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1A very thin, light, crisp, sweet cookie or cracker, especially one of a kind eaten with ice cream.
- ‘Mercifully, there were no pink wafer biscuits.’
- ‘Crush wafers until very fine and cover the entire cake.’
- ‘crisp, lacy baked items which stand on the frontier between biscuits, wafers, and sugar confectionery’
- ‘Serve in small glass bowls with sweet biscuity wafers.’
- ‘Bammy is a toasted bread-like wafer made from cassava.’
- ‘For an extra treat, fill each cone with candies, then seal the open end with a vanilla wafer attached with decorator icing.’
- ‘Soon cakes and wafers were being passed around to the ‘uninvited guests’.’
- ‘I do have a sweet tooth, particularly for Italian chocolate wafers and mini Cornettos.’
- ‘The pink wafer biscuit is a lightweight in the World of the Biscuit.’
- ‘To make the crust, combine wafer crumbs with butter and press into a 9-inch springform pan.’
- ‘Remove the ice cream from the mould and serve with wafer biscuits or ice cream topping.’
- ‘Some posh wafers might be good here, or some homemade shortbread, baked really thin and crisp.’
- ‘The combination of real milk chocolate, crisp wafer and soft chewy caramel is almost too intense.’
- ‘Stroopwafel, sometimes called caramel wafer or syrup cookie, is a sandwich of two extra-thin, hard and crisp wafers filled with caramel-y syrup.’
- ‘The multitude of available food products makes the age-old snack of graham crackers and vanilla wafers obsolete.’
- ‘Family gather to share the oplatek, a thin white wafer sometimes called angel bread, followed by an odd number of meatless dishes.’
- ‘Dessert is a few small sugar wafers in yet another cellophane package.’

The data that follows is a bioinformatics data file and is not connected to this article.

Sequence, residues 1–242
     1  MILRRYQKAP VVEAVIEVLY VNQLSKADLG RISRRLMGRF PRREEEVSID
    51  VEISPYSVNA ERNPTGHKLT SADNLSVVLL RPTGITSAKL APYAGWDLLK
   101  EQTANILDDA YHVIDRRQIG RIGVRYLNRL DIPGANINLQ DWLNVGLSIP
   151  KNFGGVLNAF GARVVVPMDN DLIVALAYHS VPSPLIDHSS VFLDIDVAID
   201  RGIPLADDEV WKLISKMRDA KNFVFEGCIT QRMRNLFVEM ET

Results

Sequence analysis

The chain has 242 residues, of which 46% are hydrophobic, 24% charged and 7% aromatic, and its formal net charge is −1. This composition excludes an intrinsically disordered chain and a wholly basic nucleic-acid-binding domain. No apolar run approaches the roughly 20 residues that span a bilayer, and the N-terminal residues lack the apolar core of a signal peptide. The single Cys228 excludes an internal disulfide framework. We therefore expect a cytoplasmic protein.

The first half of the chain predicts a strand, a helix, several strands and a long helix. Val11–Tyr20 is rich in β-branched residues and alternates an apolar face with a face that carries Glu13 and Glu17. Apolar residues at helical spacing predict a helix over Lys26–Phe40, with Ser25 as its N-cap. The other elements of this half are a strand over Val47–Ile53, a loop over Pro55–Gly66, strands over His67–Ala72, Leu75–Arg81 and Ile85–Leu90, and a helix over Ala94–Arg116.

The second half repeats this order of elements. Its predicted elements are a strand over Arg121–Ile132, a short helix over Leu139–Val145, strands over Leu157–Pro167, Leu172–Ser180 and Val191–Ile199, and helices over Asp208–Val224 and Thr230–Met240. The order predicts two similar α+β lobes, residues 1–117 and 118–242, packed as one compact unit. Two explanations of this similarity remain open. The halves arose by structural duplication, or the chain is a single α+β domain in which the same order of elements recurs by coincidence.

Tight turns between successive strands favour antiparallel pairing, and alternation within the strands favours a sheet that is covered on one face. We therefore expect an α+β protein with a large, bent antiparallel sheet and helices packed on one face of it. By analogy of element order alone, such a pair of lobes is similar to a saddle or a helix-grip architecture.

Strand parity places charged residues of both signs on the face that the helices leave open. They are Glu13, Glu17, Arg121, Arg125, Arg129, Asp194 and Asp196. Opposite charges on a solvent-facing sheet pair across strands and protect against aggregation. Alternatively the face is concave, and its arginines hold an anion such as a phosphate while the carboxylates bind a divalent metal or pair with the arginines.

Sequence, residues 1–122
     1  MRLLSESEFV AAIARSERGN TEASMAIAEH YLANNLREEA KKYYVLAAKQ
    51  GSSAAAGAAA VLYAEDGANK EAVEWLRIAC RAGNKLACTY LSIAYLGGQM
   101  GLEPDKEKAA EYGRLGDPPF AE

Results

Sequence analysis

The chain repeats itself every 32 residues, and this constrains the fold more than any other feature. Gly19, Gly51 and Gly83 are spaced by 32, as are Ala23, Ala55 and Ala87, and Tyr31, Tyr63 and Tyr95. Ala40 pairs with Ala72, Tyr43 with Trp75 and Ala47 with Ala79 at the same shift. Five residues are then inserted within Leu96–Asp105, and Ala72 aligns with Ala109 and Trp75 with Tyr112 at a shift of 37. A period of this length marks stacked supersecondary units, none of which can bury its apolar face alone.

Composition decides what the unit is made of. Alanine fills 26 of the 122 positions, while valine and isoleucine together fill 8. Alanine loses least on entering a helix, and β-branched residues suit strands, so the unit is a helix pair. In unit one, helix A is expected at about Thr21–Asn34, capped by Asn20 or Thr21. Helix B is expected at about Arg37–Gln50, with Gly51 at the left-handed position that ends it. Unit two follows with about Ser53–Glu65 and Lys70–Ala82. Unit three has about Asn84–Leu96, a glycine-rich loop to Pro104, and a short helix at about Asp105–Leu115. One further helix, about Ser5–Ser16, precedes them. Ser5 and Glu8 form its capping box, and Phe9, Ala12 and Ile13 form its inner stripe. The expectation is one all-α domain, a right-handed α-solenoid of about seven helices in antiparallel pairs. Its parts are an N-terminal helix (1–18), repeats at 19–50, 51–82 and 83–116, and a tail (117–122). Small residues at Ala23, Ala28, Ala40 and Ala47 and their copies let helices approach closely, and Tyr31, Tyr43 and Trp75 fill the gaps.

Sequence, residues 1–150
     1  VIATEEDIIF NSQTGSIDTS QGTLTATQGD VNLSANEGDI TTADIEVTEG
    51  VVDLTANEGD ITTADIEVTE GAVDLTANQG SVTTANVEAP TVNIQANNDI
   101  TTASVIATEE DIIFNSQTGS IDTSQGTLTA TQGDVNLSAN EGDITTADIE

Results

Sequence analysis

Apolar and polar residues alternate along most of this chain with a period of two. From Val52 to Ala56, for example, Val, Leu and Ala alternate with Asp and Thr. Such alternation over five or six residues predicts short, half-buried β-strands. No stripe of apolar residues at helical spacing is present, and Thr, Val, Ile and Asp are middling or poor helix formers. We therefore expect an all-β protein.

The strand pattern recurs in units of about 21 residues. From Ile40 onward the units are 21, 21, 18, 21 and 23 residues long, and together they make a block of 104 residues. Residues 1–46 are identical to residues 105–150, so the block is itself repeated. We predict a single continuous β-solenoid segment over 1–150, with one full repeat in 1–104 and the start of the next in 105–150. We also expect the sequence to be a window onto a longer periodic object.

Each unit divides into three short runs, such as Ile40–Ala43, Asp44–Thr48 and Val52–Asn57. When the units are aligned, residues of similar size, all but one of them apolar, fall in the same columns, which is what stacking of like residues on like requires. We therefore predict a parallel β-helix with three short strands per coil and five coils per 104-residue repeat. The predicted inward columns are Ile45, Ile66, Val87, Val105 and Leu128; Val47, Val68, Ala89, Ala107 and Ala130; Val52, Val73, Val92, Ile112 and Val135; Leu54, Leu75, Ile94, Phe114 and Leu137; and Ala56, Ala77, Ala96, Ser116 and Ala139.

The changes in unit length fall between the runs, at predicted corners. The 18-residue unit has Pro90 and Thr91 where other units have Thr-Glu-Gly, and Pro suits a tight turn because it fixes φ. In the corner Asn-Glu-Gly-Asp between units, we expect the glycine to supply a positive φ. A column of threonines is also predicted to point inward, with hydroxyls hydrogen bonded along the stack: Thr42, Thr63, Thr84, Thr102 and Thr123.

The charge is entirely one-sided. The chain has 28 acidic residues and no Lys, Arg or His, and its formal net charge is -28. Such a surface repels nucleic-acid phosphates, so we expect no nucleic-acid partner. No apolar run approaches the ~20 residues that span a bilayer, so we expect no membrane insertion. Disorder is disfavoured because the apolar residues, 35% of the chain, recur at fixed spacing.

- ‘Each wafer, a beautiful raspberry color, dissolved in the mouth and filled it with an intense taste of raspberries.’
- ‘Kurdish specialties include a type of wafer bread eaten for breakfast, and any kind of grain cooked in whey.’
- ‘He recommended the banana cake and the icebox cake: layers of chocolate wafers and whipped cream pressed together and refrigerated.’
- 1.1 A thin disk of unleavened bread used in the Eucharist.
- ‘He broke the white wafer into small pieces and placed one in his mouth, whispering the rites of Communion.’
- ‘Meantime, EBay has moved to stop the auction of a Eucharist wafer said to have been blessed by Pope John Paul II.’
- ‘Is it all right to chew the wafer or bread in communion or should I simply let it dissolve in my mouth as I was taught?’
- ‘Mary was at the front, and she opened her mouth for the Priest to place the small wafer of bread on her tongue, the body.’
- ‘Church doctrine holds that Communion wafers, like the bread served at the Last Supper, must have at least some unleavened wheat.’
- ‘Each element of the furniture is exemplary, and some items such as the casket for communion wafers (a gold box in the side chapel) are quite exquisite.’
- ‘Faith, holding her chalice and Eucharistic wafer, stands to the right of Charity, while Hope, with her back turned to the viewer, looks to Charity from her left.’
- ‘The Irish croissant tastes like bad communion wafers.’
- ‘I remembered how, as the wafer dissolved in my mouth, I had felt myself ‘officially’ a member of the Church.’
- ‘In Spain, the dance is done to reverence the Blessed Sacrament, a consecrated wafer used in Communion.’
- 1.2Electronics A very thin slice of a semiconductor crystal used as the substrate for solid-state circuitry.
piece, portion, wedge, chunk, hunk, lump, slab, segmentView synonyms
- ‘Therefore, we can have thousands of devices on a single wafer.’
- ‘The wafer fabrication plant apparently did not meet either criterion, despite IDA claims to the contrary.’
- ‘Microelectronics manufacturers create hundreds to thousands of chips simultaneously on large, thin wafers of silicon.’
- ‘The present invention is directed to an apparatus and process for heating and cooling semiconductor wafers in thermal processing chambers.’
- ‘Increasingly semiconductor firms are cutting back on their own wafer fabrication plants and using outsourcing firms.’
- ‘Their walls are photovoltaic - directly converting sunlight into electrical power, using solid-state semiconductor wafers or thin films mounted on panels.’